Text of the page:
Biesterfeld is expanding its long-term partnership with US-based ingredients manufacturer CP Kelco in the food and nutrition sector. Following on from their successful cooperation in Germany and Poland, the distribution of CP Kelco’s nature-based pectin, carrageenan, xanthan gum, gellan gum and citrus fiber for food applications has been extended to the Czech Republic, Slovakia, Hungary, Estonia, Lithuania and Latvia, as of April 2020.

CP Kelco’s nature-based ingredients provide a wide range of functional benefits in innovative product formulations. CP Kelco is one of the leading producers of pectin, a gelling agent derived from citrus peel and used primarily in the production of fruit preparations and acidified milk products. GENU® Carrageenans are extracted from red seaweed and used in products such as confectioneries and milk-based desserts with different textures. Fermented KELCOGEL® Gellan Gum is widely used as a stabiliser and suspension agent in dairy alternative beverages. KELTROL® Xanthan Gum is used as a versatile thickening agent in various foods. The recently introduced, innovative NUTRAVA™ Citrus Fiber can be used to replace some E-numbered additives and help meet “clean-label” goals as a stabiliser in condiments and dressings, fruit applications and fruit-flavoured beverages, and dairy, bakery and meat products.

“With consumer demand for clean-label products continuing to grow, our portfolio meets the need for nature-based ingredients for a wide range of food applications,” says Bernd-Maximilian Fischer, Business Manager Nutrition, Biesterfeld Spezialchemie. “The expansion of our distribution area allows us to serve our customers and address evolving market needs even more comprehensively.”

“Our partnership with Biesterfeld has been very successful from the start,” adds Niels Thestrup, Head of Commercial, EMEA Region for CP Kelco. “Biesterfeld has an excellent reputation, a high level of technical competence in the field of nutritional formulations and highly effective customer support. We’re delighted to expand our coverage of the European market through our strong partnership with Biesterfeld.”

Ball Corporation announced that it has executed two virtual power purchase agreements (VPPAs) in Europe – one for the Corral Nuevo project with wpd and one for the Brattmyrliden project with Falck Renewables – for a total of 93.4 megawatts (MW) of additional wind energy. These agreements are a testament to Ball’s long-term commitment to achieve and maintain 100 % renewable energy in Europe and will allow the company to address approximately 63 % of the European electricity load utilized in its aluminum beverage packaging plants (excluding Russia) with new renewable energy.

The wind developments in Spain and Sweden will collectively enable Ball to reduce its Scope 2 greenhouse gas emissions generated in Europe by approximately 60 % compared to 2019 – equivalent to the carbon reduction that would be provided by removing more than 47,000 passenger vehicles from the road annually. Ball’s commitment is to address 100 % of its electricity footprint in the region with clean power. The company’s regional strategy is to pursue PPAs when and where they are available and attractive. To the extent Ball has not achieved 100 % clean energy in the region through PPAs, the company is purchasing Energy Attribute Certificates (EACs). It recently announced the purchase of EACs to fully cover its operations in the European Union, Serbia and the UK through 2020.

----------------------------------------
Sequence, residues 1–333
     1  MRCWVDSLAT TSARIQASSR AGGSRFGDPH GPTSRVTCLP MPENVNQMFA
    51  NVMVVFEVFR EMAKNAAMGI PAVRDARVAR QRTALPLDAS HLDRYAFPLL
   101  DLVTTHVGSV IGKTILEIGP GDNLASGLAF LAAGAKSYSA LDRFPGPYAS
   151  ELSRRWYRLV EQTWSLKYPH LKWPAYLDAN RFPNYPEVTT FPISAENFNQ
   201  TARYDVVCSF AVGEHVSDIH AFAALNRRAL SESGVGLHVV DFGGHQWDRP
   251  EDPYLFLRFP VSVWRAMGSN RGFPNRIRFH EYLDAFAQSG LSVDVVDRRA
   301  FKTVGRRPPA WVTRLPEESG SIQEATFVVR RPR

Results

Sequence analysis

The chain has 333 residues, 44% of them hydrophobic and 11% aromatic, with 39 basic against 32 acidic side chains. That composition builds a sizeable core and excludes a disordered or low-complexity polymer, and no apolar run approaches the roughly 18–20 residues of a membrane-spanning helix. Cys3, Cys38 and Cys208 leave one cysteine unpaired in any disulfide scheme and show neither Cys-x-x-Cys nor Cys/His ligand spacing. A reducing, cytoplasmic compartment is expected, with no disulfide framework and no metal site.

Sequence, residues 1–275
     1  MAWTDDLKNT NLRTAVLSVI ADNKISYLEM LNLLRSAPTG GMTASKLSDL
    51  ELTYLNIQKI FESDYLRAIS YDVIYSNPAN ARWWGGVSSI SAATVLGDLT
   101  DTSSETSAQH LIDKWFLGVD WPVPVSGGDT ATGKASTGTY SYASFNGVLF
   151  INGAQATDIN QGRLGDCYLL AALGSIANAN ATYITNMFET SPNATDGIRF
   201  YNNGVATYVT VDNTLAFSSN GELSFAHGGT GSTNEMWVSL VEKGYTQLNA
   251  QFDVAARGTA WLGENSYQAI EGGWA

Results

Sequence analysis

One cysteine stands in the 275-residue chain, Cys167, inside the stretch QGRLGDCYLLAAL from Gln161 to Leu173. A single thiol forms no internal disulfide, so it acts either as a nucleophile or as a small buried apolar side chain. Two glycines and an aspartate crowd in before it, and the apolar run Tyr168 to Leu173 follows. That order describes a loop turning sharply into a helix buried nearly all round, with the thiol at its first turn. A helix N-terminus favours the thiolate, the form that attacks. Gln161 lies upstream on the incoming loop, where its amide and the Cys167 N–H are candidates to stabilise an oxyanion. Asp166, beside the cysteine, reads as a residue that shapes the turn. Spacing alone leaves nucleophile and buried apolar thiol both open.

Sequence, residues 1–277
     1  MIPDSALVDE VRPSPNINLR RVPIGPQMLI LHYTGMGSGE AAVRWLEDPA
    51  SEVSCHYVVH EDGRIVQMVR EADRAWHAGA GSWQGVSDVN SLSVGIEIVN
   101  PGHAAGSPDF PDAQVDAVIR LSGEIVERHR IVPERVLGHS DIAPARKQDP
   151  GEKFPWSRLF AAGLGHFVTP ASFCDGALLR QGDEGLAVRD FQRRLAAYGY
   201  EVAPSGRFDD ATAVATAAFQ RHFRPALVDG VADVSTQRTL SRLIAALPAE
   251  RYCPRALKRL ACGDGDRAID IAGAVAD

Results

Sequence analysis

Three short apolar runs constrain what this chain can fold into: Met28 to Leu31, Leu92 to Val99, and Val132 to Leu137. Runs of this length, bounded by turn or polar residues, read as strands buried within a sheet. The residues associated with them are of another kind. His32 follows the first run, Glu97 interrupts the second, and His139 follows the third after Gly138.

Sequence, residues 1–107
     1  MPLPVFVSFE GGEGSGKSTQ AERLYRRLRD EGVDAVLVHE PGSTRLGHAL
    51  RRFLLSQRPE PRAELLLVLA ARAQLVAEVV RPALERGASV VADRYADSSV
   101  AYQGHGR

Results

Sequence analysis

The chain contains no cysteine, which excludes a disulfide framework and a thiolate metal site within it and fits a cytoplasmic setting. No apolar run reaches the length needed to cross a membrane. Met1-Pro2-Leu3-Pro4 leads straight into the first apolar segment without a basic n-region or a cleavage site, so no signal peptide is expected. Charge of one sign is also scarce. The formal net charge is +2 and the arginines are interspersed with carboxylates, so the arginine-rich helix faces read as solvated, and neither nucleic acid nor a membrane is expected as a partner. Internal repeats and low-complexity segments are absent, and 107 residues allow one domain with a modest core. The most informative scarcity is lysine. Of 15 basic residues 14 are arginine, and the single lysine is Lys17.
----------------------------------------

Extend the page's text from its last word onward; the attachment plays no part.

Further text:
“These milestone renewable energy deals in Europe affirm Ball’s steadfast commitment to reduce absolute carbon emissions within our operations and through our value chain,” said Kathleen Pitre, chief commercial and sustainability officer. “Both projects will allow us to address a substantial portion of our European electricity use with new wind energy and accelerate progress toward our recently approved science-based targets.”

In 2019, Ball was one of the top ten corporate renewable energy buyers in the United States. Last April, the company announced it had executed a wind and a solar VPPA for 388 MW of new renewable energy to address 100 % of its North American electricity load by 2021.

The VPPAs in Spain and Sweden demonstrate Ball’s industry-leading efforts to quickly expand on its renewable energy successes in North America as a major force driving new clean energy growth in global markets. Scheduled to come online in 2021, Ball’s share of the Corral Nuevo and Brattmyrliden wind projects will generate nearly 308,000 megawatt hours (MWh) of renewable electricity in Europe each year—equivalent to the electricity load of approximately 10 Ball beverage packaging plants.

Ball is the first company in the can making industry to adopt approved science-based targets, which seek to limit global warming to 1.5°C above pre-industrial levels. By 2030, the company aims to reduce absolute carbon emissions within its own global operations by 55 % and within its value chain by 16 % against a 2017 baseline.

The company recently achieved another first for global can manufacturers by earning Aluminum Stewardship Initiative Certification for all 23 of its EMEA beverage plants.

Coca-Cola European Partners (CCEP), the world’s largest independent Coca-Cola bottler, has taken an important step on its journey towards 100 % rPET for its plastic bottles by funding CuRe Technology – a recycling start-up which seeks to provide a new lease of life for difficult to recycle plastic polyester waste.